Many of the Queenslanders we’ve spoken to have become profoundly cynical and skeptical and politics and politicians. Many people we’ve spoken to have never spoken to a politician or a political campaign before – the withdrawal of both everyday people, and politicians, from spaces where these kinds of interactions can happen, has been profound. Many people I spoke to thought politics is a farce – people said things to me like “if you behave like politicians behave at your job, you’d be fired”. We spoke to people struggling to pay their rents and mortgages, people struggling with school fees, or healthcare costs. People who hadn’t been able to go to the dentist in years. People in social housing living in dire conditions, are even more people waiting for public homes. I spoke with pensioners with $20 left at the end of the week, and young families worried about the future of their kids, and also the future of their ageing parents. I spoke with people who had no loyalty to a party, and would vote Labor or LNP based on decisions made at the polling booth. I spoke with a guy who one time voted for One Nation because he wanted to “throw a grenade into parliament” with his vote.

More importantly though, we talked about why the political system was so hostile to everyday people – the role that big corporations and lobbyists play in Queensland, the role of corporate donations, the ideological and personal relationships between the political class and big corporations. We talked about the struggling union movement, and the role that both Labor and the LNP have played in rolling out neoliberalism in Australia. We talked about how mining corporations in Queensland were getting a pay freeze from the Government, while public servants were having a promise pay increase withdrawn. I had so many people say to me “yeah, it’s a joke! We’re being taken for a ride!” But then say with a shrug “but what can you do?”.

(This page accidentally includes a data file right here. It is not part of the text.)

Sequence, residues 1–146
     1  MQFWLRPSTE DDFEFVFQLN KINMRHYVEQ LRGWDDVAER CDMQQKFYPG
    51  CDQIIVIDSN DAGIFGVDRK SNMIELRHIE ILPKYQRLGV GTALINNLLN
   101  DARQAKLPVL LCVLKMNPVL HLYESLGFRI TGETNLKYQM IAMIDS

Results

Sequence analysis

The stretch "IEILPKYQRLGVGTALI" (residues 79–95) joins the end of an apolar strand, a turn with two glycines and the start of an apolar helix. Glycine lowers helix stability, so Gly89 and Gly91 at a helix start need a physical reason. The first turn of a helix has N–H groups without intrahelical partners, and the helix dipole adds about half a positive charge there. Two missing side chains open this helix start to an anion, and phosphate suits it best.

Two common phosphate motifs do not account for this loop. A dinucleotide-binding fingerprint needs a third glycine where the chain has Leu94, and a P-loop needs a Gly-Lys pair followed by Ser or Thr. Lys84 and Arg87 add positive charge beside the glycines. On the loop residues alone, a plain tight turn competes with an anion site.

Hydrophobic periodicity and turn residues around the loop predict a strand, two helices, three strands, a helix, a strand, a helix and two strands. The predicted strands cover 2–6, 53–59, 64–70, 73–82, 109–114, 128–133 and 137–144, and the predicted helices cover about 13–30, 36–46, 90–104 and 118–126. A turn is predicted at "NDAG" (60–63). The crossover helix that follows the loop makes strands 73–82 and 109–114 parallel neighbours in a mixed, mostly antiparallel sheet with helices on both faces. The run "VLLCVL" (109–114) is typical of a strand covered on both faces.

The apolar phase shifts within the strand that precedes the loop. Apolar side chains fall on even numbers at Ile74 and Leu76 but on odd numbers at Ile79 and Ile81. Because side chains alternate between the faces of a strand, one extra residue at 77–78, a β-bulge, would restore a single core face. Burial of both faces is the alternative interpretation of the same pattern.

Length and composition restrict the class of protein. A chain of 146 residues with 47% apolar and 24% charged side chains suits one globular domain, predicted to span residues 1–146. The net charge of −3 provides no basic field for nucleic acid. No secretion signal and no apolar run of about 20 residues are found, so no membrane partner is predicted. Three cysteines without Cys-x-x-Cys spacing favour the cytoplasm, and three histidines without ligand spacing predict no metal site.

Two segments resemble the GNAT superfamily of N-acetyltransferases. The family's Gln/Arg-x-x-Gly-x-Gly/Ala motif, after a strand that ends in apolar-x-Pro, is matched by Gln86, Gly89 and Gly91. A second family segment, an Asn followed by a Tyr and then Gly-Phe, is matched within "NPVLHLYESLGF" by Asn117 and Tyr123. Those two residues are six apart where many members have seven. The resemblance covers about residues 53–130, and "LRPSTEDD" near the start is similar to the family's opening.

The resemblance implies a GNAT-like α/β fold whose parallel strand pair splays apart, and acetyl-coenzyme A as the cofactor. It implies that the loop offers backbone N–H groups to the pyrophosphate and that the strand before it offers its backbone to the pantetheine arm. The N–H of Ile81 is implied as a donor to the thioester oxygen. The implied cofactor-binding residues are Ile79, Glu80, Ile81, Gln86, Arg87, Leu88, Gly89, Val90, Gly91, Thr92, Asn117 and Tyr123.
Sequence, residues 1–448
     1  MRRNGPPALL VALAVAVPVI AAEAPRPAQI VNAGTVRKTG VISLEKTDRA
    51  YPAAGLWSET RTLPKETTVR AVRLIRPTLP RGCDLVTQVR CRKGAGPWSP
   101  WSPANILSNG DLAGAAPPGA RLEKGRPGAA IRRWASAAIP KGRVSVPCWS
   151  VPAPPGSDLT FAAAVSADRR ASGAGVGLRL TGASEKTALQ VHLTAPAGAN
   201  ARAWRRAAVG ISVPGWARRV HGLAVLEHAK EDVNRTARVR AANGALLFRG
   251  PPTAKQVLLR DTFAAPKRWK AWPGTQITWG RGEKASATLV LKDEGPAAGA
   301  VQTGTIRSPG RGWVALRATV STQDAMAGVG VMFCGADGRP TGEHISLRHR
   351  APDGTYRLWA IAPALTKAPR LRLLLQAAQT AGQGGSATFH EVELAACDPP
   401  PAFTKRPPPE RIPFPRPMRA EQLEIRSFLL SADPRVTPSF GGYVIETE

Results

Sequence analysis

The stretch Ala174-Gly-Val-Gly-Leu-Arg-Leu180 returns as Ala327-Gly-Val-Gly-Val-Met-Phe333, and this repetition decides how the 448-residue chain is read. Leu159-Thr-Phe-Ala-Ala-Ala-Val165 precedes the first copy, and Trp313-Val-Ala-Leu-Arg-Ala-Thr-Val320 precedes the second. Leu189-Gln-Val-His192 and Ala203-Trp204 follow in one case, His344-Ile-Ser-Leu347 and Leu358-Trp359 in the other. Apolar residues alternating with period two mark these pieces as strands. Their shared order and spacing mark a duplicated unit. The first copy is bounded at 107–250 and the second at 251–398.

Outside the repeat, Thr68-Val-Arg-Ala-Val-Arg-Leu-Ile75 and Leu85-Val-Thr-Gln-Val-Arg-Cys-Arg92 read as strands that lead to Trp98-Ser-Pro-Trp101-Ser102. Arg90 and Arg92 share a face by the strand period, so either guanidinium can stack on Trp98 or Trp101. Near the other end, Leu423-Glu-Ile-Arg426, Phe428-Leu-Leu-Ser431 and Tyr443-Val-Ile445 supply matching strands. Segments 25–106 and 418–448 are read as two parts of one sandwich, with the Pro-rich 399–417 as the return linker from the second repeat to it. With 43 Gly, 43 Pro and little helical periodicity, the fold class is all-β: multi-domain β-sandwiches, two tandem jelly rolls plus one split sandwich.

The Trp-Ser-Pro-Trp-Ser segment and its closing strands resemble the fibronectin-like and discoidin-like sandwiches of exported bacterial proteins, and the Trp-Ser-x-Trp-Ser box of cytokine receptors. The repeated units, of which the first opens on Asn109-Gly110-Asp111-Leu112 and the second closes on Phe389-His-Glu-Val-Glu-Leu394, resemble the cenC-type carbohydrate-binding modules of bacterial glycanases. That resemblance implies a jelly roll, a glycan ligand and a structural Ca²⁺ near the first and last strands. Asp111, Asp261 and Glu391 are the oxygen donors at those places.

And this is where it was our job to light a little ember of hope. We were able to say to people, yeah it’s awful. But you’re not alone. And even more than that, there’s something you can do about it. We’re growing a powerful and connected movement, of people, just like you and I, who are willing to fight for a future where everyone gets the things they need to lead a good life. A future we could fight for, together. I saw sparks of hope in the people I spoke with, and when watching volunteers talk with people in the street. It was powerful.

The political class, lobbyists, big corporations threw everything they could at us to douse the flame. The mining lobby ran billboards with a Greens triangle dripping with blood. But with a commitment to connecting with people face-to-face, and an ambitious, transformative platform – making big corporations pay their fair share, so we can pay for truly universal public services, free schools and healthcare, free hospital parking, universal housing, new jobs in healthcare, manufacturing and clean energy – conservative Queensland now has two Greens MPs, a Greens councillor, and a Greens Senator. 

And we have a huge task ahead of us, to grow the movement, and to empower an atomised and skeptical community, particularly in rural and regional Queensland. We’re dealing with systemic racism, ongoing colonisation, rising unemployment and . But the major parties and big corporations are on notice. The firefront is coming.